> capitals sign up till now. the 63 braille characters can be used far 
> more effectively as we will learn in time through ueb but those 
> benefits will mostly be experienced by those much younger th
 an
>  ourselves. I, for one, can put up with the inconvenience changes will make 
> to my use of braille for a while if that benefits young braille learners and 
> users.
> 
> Dave
> 
> Sent from my iPhone
> 
>> On 27 Mar 2015, at 16:45, George Bell <george@xxxxxxxxxxxxxxxxxxx> wrote:
>> 
>> Hi Jackie,
>> 
>> For every single change, there has been very good reason.  The UEB project 
>> began over 20 years ago, and has been no secret.
>> 
>> Harmonising the rules such ALL English braille is the same, makes perfect 
>> sense.  Many readers may never receive hard copy English braille from other 
>> countries, but be assured there is a great deal of material which crosses 
>> borders internationally.  Indeed it might surprise you to know that many 
>> schools, universities and exam boards call for braille from the UK and of 
>> course America.
>> 
>> Another major consideration is the huge cost of producing braille.  You can 
>> purchase an ink jet printer for as little as £40, but even a personal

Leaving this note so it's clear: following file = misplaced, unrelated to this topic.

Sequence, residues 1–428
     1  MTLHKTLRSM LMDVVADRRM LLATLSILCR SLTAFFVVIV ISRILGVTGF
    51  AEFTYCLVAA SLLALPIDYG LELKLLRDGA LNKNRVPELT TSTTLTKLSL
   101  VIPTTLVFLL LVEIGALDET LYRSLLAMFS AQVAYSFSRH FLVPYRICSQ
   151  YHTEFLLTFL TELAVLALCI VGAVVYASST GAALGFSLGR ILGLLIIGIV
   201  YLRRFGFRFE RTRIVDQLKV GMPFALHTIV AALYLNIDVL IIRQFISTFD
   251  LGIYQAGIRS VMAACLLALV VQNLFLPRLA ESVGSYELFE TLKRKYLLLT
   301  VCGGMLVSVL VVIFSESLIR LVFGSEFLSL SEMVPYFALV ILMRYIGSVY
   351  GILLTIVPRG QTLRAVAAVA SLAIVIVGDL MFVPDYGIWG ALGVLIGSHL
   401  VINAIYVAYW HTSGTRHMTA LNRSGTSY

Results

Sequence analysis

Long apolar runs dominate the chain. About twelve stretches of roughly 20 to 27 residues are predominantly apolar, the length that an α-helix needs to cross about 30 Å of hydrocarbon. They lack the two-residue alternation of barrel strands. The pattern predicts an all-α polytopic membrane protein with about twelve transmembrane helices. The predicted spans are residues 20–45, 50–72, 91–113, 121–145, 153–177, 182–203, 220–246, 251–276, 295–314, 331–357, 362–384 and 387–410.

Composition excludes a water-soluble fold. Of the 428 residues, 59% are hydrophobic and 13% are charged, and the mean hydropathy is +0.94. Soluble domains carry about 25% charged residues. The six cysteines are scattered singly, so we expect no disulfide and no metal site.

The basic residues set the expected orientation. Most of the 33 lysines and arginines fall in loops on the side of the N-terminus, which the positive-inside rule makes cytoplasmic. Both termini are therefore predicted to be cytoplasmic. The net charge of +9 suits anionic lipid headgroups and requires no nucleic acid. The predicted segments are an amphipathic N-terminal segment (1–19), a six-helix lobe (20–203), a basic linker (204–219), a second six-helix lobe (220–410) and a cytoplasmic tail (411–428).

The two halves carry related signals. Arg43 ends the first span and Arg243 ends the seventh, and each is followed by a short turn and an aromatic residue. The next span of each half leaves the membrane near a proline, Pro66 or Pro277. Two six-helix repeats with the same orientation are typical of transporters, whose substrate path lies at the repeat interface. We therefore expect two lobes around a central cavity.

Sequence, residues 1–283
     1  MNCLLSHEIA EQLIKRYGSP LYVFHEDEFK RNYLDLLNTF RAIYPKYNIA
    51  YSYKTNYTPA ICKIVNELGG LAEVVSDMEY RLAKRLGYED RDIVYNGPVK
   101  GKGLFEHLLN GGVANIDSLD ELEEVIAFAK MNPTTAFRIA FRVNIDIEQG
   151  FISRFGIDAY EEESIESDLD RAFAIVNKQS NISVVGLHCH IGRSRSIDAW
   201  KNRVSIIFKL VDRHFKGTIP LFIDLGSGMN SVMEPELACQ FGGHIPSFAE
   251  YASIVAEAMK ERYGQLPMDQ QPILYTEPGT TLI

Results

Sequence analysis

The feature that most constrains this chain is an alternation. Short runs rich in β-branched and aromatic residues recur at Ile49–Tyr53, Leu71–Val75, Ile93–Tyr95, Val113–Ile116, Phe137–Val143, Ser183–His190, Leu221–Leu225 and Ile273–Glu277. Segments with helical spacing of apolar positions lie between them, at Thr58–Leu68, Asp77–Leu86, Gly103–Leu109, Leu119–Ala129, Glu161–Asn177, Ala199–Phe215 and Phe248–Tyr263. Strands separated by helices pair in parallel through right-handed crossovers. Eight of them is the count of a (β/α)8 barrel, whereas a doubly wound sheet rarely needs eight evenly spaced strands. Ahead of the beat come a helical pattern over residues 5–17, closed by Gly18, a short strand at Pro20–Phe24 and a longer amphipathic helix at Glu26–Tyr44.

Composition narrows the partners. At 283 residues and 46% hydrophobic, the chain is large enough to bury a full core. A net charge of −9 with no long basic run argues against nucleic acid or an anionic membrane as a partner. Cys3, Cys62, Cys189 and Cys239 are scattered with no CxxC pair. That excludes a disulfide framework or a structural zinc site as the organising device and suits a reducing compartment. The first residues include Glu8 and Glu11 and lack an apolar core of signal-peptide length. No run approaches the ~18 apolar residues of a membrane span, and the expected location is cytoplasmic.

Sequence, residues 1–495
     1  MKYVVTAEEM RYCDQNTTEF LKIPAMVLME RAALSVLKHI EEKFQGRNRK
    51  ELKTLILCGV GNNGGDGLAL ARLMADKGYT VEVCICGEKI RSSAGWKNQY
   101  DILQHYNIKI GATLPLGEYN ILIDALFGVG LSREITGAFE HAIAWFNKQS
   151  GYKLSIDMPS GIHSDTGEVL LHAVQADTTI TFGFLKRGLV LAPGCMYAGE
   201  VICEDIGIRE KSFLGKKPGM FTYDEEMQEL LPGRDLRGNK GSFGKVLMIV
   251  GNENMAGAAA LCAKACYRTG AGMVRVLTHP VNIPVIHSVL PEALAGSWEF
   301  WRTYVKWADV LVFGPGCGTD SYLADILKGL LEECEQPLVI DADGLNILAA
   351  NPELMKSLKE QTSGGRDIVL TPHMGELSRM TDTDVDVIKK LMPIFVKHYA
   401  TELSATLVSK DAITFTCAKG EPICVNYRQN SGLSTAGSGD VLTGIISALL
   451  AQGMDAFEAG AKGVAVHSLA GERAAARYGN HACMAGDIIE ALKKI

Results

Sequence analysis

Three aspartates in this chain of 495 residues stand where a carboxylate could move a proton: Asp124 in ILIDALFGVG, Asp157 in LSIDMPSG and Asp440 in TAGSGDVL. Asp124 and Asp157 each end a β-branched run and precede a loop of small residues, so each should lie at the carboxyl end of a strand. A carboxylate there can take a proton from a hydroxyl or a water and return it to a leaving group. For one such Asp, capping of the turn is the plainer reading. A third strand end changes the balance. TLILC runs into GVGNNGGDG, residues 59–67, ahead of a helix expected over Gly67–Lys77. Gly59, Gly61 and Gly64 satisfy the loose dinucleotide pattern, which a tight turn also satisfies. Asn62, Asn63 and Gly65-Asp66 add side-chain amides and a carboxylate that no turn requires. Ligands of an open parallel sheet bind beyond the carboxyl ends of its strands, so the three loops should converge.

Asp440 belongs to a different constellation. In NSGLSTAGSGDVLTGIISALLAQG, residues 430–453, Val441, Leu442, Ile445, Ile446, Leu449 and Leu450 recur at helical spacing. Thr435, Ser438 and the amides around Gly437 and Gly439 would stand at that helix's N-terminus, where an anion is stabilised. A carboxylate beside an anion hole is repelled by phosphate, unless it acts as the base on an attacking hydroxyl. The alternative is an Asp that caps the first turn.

>> braille embosser will set you back more than fifty times that, before you 
>> even buy paper.
>> 
>> In the production arena, the cost of hardware is even more, but that's only 
>> part of the exercise.  Transcription itself has to be automated to keep 
>> costs down.  Good braille producers will proof read, but again this means 
>> paying someone.  But what is actually being proofed?  I will almost 
>> guarantee that well over 50% of mistakes found occur in the original print 
>> version.
>> 
>> There is also a growing need to back-translate, and UEB eliminates many of 
>> the issue there.
>> 
>> George
>> 
>> -----Original Message-----
>> From: access-uk@xxxxxxxxxxxxx [mailto:access-uk@xxxxxxxxxxxxx] On 
>> Behalf Of Jackie Brown
>> Sent: 27 March 2015 15:23
>> To: access-uk@xxxxxxxxxxxxx
>> Subject: [access-uk] Re: Changes in Braille
>> 
>> Hi Derek
>> 
>> I'm not against capitalisation, but I do rather wish Braille was left alone.
>> Although I prefer audio books nowadays, I do still care passionately about 
>> Braille, and have it as part of my life.
>> 
>> Kind regards,
>> 
>> Jackie Brown
>> Emails: thebrownsplace@xxxxxxxxxxxxxx Jackieannbrown62@xxxxxxxxx 
>> jackie@xxxxxxxxxxxxxxxxxxx
>> Website: www.thebrownsplace.info
>> Twitter: @thebrownsplace
>> Skype: thejackmate
>> 
>> -----Original Message-----
>> From: access-uk@xxxxxxxxxxxxx [mailto:access-uk@xxxxxxxxxxxxx] On 
>> Behalf Of Derek Hornby
>> Sent: 27 March 2015 14:51
>> To: access-uk@xxxxxxxxxxxxx
>> Subject: [access-uk] Re: Changes in Braille
>> 
>> Hi Jackie
>> Capitalisation, should be  taught at school, as part of computer related 
>> lessons.
>> 
>> One may just as easily  argue that we shouldn't have grade 2  Braille, on 
>> the grounds  the grade 2 abbreviations don't apply for print!
>> 
>> 
>> Regards,  Derek
>> -----Original Message-----
>> From: access-uk@xxxxxxxxxxxxx [mailto:access-uk@xxxxxxxxxxxxx] On 
>> Behalf Of Jackie Brown
>> Sent: Friday, March 27, 2015 1:42 PM
>> To: access-uk@xxxxxxxxxxxxx
>> Subject: [access-uk] Re: Changes in Braille
>> 
>> I'm not opposed to capitalisation, I think it is important for Braille